The Cimarron News. (Kenton, Okla.), Vol. 1, No. 21, Ed. 1 Friday, December 30, 1898 Page: 2 of 4
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Many a hungry man wlahea be war®
oulalde the soup.
A woman iH'V r laugh* at love unlaa*
■he U afraid of II.
The mo«t profitable teaching la tbo
leaaon of the momeut.
It'a a wlae aon who doean't neglect
the education of hla parenta.
Our atandlng army would be altnply
rank were It not for the ottlcvra.
I<ong hair on a mun l very apt to
rover a nultltudo of cranky Ideaa.
A woman wiw the flrat anake, but
men have been aeelnx them ever alnce.
A bird on a woman'a hat la worth a
4oien In the buab—to the cunning
NEWS FROM THE
A man'* Ideaa of women arc formed
from eiperlence, rather than from ob-
No man ever allowB hla whlskera to
grow long enough to conceal a dia-
A woman looks into ono glaaa to
paint her face, but n man looka Into
aeveral to paint hla none.
An authority states that a ton of
diamond is worth $35,000,000. Re-
member thla, and don't pay a cent
It is rather discouraging to a man
to have to wait until after he Is dead
in order for the world to find out how
good he waa.
Who can subdue his own anger la
more than strong; who can allay an-
other'a is more than wise. Hold fast
to him who can do both.
Nloola Tesla premises miracles. He
will telegraph without wires, and op-
erate a ship at sea by magnaetlc wavea
from the shore, which will con-
trol the machinery and guide the ship
quite as well as if there were officers
and crew aboard. There will therefore
be no commerce that will give poor
Jack employment; and as for fighting
at aea there will be a total absence of
it, with nobody to work the guna or
do the killing and the dying.
How few there are who, after hear-
ing a lecture or sermon, can report it
with a fair degree of correctness,* even
though it may have greatly Interested
them! A poor memory is pleaded;
but the memory itself 1b largely de-
pendent upon the careful and strict
attention of the listener. If it were
only for the sake of the pleasure and
benefit which would ensue from the
wide dissemination of the thoughts
which oan be given only to small audi-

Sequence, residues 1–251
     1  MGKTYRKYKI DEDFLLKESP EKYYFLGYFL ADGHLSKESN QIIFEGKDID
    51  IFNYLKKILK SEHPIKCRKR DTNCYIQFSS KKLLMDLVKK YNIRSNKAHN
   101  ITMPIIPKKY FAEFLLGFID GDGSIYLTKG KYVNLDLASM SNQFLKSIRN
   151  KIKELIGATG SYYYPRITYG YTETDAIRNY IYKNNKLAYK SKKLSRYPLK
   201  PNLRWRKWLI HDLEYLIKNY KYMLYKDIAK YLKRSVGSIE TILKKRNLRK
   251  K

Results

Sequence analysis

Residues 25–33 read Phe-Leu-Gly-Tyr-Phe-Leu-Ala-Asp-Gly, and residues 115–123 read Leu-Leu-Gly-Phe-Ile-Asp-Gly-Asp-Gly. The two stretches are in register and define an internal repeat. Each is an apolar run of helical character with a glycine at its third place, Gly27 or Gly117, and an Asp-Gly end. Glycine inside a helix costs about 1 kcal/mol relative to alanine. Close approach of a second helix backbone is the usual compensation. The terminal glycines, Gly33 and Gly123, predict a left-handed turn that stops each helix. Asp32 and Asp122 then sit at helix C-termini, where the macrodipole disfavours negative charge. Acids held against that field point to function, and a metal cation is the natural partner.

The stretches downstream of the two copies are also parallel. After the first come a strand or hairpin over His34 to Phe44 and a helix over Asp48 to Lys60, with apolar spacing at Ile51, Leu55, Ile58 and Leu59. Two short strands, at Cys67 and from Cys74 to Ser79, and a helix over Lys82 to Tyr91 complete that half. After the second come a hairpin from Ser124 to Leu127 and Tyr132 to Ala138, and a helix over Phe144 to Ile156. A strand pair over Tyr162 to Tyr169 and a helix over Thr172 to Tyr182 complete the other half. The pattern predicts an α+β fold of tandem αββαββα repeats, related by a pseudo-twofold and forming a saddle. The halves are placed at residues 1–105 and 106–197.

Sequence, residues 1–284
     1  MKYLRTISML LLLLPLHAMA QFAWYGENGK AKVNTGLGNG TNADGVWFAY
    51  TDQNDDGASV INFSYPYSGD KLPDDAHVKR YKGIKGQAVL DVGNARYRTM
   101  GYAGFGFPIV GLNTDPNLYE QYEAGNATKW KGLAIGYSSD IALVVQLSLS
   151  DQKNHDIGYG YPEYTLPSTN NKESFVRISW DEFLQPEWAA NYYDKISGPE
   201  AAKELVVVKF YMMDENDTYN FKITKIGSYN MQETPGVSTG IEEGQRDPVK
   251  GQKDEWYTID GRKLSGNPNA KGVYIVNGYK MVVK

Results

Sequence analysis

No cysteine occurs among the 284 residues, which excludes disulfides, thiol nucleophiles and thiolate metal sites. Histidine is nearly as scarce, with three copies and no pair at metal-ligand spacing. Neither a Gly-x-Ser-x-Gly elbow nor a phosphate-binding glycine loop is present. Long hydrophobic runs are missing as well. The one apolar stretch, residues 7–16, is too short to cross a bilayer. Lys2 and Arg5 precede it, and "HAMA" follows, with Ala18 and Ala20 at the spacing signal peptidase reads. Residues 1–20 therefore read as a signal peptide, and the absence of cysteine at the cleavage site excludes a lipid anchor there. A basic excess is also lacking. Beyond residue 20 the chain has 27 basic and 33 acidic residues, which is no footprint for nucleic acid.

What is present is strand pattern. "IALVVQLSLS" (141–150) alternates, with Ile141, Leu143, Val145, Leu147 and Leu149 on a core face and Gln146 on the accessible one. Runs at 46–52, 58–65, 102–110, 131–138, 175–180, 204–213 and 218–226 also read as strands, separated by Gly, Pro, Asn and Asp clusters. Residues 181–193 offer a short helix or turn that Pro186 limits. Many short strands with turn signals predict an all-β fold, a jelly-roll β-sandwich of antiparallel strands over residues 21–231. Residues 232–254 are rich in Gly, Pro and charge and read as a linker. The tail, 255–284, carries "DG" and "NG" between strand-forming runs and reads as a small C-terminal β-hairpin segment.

ences, it would seem well worth while
to cultivate assiduously the power of
listening attentively and hearing cor-
The announcement that the silk
manufacturers of the United States are
rapidly increasing the exportation of
their products adds interest to some
recently compiled statements by the
treasury bureau of statistics regard-
ing the silk manufactures and impor-
tations and exportation of this coun-
try during the past few years. These
figures show that the manufacture of
■Ilk In this country has increased
enormously, that the imports of man-
ufactured silk have meantime been
greatly reduced, and the exportation
of allk manufactures are now increas-
ing very rapidly, the total exports for
the present calendar year being more
than 60 per cent in excess of the cor-
responding months of last year, and for
tha full year will be six times as much
aa in 1890.
At the age of one hundred and
eleven years the "oldest man In Vi-
enna" is described as hale and hearty,
and able to enjoy a Joke and other
good things of life. He was six years
old when Louis XVI. of France was be-
headed, eighteen when Trafalgar was
fought, and fifty when Queen Victoria
began the longest reign in British his-
tory. And this is his philosophy of
life: "I never worried and I never
grieved. I worked until I was tired,
and slept In unbroken rest until it
waa time to work again. It is those
who ait brooding over their mlsfor-
tunea who grow old before their time,
and a whole night's sorrowing has
never put a copper into any man's
pocket or made a misfortune lighter to
bear." Concerning his personal ha-
bits, he says, "I got drunk twice In my
life—once through my own fault and
once through the fault of others; and
I was so dreadfully ill afterward that
It was not difficult to keep sober with
that remembrance on my mind." There
are profound truths in hia philosophy
watch, If adopted, would physically
benefit every human life.
A correspondent of the Rochester
Herald thinks that Colonel Roosevelt
never waa sincere, and that he went to
war for political purpose*. Prejudice
frequently warpe good Judgment, but
It seldom twists it entirely out of
shape. However tf we had an army
of insincere soldiers of that kind It
cosld whip the universe.
There waa considerable smoke and
cc«f uton at Santiago hut Admiral
Owvera has a very fair ides of Just
what happened to his fleet and who was